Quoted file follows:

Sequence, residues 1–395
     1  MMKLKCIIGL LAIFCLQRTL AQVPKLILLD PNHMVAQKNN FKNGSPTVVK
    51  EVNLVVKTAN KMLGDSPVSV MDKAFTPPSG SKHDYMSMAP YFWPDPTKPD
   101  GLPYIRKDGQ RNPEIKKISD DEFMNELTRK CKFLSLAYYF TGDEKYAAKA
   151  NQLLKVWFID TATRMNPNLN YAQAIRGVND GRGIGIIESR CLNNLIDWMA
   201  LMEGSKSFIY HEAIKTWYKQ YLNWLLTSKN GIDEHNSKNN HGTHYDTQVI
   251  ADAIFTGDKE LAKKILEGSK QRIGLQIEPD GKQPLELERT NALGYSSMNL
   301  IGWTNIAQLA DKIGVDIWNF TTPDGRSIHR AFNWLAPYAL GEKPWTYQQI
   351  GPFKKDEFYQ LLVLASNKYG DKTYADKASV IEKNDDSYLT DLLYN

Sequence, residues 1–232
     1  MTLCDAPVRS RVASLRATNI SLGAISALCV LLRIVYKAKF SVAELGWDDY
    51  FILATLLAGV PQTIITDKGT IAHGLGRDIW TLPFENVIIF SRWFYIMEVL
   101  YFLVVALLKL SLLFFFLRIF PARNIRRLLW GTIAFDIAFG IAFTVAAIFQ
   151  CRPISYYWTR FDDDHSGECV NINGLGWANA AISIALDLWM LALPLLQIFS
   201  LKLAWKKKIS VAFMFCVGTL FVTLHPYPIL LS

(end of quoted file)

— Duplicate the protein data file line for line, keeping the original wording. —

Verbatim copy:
Sequence, residues 1–395
     1  MMKLKCIIGL LAIFCLQRTL AQVPKLILLD PNHMVAQKNN FKNGSPTVVK
    51  EVNLVVKTAN KMLGDSPVSV MDKAFTPPSG SKHDYMSMAP YFWPDPTKPD
   101  GLPYIRKDGQ RNPEIKKISD DEFMNELTRK CKFLSLAYYF TGDEKYAAKA
   151  NQLLKVWFID TATRMNPNLN YAQAIRGVND GRGIGIIESR CLNNLIDWMA
   201  LMEGSKSFIY HEAIKTWYKQ YLNWLLTSKN GIDEHNSKNN HGTHYDTQVI
   251  ADAIFTGDKE LAKKILEGSK QRIGLQIEPD GKQPLELERT NALGYSSMNL
   301  IGWTNIAQLA DKIGVDIWNF TTPDGRSIHR AFNWLAPYAL GEKPWTYQQI
   351  GPFKKDEFYQ LLVLASNKYG DKTYADKASV IEKNDDSYLT DLLYN

Sequence, residues 1–232
     1  MTLCDAPVRS RVASLRATNI SLGAISALCV LLRIVYKAKF SVAELGWDDY
    51  FILATLLAGV PQTIITDKGT IAHGLGRDIW TLPFENVIIF SRWFYIMEVL
   101  YFLVVALLKL SLLFFFLRIF PARNIRRLLW GTIAFDIAFG IAFTVAAIFQ
   151  CRPISYYWTR FDDDHSGECV NINGLGWANA AISIALDLWM LALPLLQIFS
   201  LKLAWKKKIS VAFMFCVGTL FVTLHPYPIL LS